Patterson disagreed that Amin and his counsel had no warning the lighting would be discussed, referencing the architectural commission’s packet, which was posted 72 hours before the meeting.

According to that document, “Past ownership of the site installed roof mounted area lights throughout the metal mansard roof system on all three motel buildings. Staff was not able to identify any permits allowing this type of light fixture which creates light pollution on the entire property and has been a source of complaints over the years. Staff is requesting through a condition of approval that the property owner remove all roof mounted area lights and return to a parking lot and area lighting system that includes freestanding decorative light standards as proposed and approved in past years.”


The lights mounted to the roof became a big topic during Motel 6 Claremont owner Sam Amin’s appeal of an architectural commission approval of a landscaping plan for the motel. COURIER Photo/Steven Felschundneff


Weiser took the issue a step further, expressing his view that Amin was being denied due process, that the notification was not “meaningful” in part because the city failed to alert him and Multani personally. He contended Amin was being treated unfairly because the lighting had been in place for years and the city never brought it up as a problem with previous owners, which he said was a violation of his client’s equal protection rights.

In a brief Weiser filed with the city prior to the council meeting, he stated the actions of the architectural commission, along with recent code enforcement citations issued over unrelated issues at Motel 6, amounted to violations of Amin’s civil rights.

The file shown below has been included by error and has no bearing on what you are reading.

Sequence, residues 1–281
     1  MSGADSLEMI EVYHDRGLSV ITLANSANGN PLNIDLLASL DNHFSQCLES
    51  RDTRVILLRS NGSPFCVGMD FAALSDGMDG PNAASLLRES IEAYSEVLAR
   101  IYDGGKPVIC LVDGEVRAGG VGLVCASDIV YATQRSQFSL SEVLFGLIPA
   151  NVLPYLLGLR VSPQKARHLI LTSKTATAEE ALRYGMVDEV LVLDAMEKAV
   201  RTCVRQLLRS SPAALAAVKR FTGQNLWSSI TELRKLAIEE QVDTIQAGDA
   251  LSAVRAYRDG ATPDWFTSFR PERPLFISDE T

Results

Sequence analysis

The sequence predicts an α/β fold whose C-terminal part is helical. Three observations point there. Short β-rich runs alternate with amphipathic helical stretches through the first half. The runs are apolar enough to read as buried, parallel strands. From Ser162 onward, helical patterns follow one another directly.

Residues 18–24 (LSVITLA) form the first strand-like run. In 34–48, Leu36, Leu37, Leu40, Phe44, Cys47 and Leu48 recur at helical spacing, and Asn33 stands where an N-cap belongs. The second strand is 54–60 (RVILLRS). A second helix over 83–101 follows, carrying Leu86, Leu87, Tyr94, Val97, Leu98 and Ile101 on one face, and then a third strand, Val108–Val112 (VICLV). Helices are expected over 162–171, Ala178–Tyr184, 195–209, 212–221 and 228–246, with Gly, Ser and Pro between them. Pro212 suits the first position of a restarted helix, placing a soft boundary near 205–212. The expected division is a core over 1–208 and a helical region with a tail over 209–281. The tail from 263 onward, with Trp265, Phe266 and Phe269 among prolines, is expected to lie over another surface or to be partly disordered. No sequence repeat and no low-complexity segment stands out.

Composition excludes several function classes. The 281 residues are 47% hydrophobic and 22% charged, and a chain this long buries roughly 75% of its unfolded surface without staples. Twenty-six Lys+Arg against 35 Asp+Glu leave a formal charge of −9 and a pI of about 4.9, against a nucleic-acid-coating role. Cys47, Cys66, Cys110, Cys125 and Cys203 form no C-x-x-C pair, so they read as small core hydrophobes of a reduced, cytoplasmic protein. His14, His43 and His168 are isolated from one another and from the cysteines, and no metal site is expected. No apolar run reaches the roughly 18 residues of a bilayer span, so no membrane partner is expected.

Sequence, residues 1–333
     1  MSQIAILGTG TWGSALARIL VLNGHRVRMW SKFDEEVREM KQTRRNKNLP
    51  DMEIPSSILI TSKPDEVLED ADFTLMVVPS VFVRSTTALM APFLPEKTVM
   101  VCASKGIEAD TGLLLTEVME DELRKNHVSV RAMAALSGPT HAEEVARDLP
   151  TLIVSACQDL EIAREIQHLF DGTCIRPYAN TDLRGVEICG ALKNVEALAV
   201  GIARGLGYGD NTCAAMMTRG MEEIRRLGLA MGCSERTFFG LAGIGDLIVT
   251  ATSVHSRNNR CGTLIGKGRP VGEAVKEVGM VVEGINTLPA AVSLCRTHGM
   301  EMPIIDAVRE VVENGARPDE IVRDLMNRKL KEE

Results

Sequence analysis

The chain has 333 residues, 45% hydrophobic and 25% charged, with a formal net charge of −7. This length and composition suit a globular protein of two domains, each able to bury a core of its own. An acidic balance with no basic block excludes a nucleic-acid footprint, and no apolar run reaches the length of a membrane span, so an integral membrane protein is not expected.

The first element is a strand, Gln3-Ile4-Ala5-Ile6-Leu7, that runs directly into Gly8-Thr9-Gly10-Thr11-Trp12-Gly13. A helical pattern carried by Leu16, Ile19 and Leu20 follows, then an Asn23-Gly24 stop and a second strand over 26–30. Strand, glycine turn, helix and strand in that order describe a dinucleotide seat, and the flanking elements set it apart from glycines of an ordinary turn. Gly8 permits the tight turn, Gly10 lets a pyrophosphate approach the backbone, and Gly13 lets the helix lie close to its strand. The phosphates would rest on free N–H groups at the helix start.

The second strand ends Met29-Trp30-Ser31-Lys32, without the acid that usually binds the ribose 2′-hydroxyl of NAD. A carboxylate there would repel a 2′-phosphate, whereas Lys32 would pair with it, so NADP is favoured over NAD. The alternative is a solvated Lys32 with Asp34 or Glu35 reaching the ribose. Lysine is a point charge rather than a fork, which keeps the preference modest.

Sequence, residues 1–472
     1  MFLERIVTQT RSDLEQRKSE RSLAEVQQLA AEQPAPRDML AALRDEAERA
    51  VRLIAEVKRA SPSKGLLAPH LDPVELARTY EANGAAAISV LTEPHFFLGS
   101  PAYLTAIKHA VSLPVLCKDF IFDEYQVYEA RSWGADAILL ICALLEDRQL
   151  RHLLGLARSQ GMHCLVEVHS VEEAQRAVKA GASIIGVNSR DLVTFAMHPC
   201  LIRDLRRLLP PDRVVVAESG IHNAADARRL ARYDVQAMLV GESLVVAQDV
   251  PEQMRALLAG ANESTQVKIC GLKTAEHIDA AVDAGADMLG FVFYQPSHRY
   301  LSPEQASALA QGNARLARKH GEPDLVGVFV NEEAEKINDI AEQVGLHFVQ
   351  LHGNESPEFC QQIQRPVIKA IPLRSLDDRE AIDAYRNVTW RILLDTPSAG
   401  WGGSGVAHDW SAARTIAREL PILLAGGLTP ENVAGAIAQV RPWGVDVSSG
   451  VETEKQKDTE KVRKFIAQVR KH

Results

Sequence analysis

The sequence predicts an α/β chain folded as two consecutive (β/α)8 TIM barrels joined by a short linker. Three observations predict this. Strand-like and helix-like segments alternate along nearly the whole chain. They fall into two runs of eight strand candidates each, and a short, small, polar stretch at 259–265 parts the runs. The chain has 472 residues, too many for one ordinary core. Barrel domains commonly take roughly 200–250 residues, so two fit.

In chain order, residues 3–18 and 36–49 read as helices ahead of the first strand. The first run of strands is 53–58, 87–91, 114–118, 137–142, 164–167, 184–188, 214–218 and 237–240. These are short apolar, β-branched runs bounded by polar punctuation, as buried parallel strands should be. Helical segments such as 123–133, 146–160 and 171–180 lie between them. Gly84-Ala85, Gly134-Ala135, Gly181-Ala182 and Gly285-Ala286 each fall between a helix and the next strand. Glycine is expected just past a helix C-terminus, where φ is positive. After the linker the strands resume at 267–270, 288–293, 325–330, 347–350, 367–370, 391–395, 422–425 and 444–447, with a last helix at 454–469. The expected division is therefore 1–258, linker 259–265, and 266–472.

“As I stated at the hearing, I do not view this case as a regular code enforcement and landscaping issue,” Weiser wrote in an email to the COURIER. “The background to the appeal is that the City’s code enforcement actions, led by Brad Johnson, on orders from the Police Chief and the City Council, are over enforcing the municipal code and creating overly burdensome landscaping issues as a means to drive Mr. Amin out of business.

“As I emphasized at the hearing, doing so, raises serious constitutional problems regarding violation of the Equal Protection Clause of the Fourteenth Amendment. The Ninth Circuit has a body of case law holding the over enforcement of a city’s municipal code for pretextual purposes is a violation of equal protection of the law.”

“Nobody wants to litigate with the city of Claremont,” Weiser said during the council meeting. “If we are forced to do so we’ll go into a federal court. We’ll make this into a federal civil rights case.”

Multani repeatedly asked the council to grant Amin a continuance because, as one of his attorneys, she was not able to attend Tuesday’s hearing, which denied him representation. Weiser was in attendance and Multani participated via Zoom.

In response to a question from Mayor Jed Leano, Patterson denied the proceedings violated Amin’s rights.

“Due process requires that we provide notice and an opportunity to be heard,” Patterson said. “We provided those both at the architectural commission hearing and at the City Council hearing. It doesn’t guarantee you a right to a continuance if you would like more time or are unavailable to attend in person.”

She also rebutted the contention that the city had somehow forfeited its ability to enforce codes at the motel simply because the alleged violation had existed for some time.

“The fact that the property changed hands or that the city didn’t enforce its codes, or the prior approvals for a number of years, does not result in any type of vested right to continue with noncompliant conditions on the site,” she said. “There are ways you can get vested rights but they all rely on you having a legal or approved use in the first place. Something like the roof mounted lights, those were not permitted at the time and actually are contrary to the approvals that Motel 6 did get in the 1970s, that called for ground mounted lights.”

A separate appeal over the code violations was held on August 9, with Community Services Director Jeremy Swan serving as the hearing officer. Since then, both the appellant and the code enforcement officer have been given the opportunity to provide supplemental legal briefing. The hearing officer has not yet issued his decision.